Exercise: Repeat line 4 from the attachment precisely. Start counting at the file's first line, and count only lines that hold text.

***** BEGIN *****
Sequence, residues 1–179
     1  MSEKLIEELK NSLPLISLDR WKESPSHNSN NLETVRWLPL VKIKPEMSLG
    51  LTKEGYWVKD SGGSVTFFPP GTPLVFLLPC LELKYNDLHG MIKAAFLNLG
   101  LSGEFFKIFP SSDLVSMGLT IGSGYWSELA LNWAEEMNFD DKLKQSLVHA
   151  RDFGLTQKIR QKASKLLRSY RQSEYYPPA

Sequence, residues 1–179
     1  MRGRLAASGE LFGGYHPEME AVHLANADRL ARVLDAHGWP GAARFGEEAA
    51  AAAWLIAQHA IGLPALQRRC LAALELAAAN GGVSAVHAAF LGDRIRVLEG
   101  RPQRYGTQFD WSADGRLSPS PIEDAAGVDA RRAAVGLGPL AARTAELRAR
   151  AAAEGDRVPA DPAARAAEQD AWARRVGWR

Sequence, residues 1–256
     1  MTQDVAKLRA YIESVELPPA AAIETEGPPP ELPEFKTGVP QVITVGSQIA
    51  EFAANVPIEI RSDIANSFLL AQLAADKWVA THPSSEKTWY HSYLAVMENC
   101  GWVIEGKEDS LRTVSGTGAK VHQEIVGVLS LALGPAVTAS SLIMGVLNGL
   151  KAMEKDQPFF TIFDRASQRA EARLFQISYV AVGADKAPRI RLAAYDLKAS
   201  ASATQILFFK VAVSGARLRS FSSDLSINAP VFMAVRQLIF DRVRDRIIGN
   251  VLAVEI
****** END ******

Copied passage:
   101  LSGEFFKIFP SSDLVSMGLT IGSGYWSELA LNWAEEMNFD DKLKQSLVHA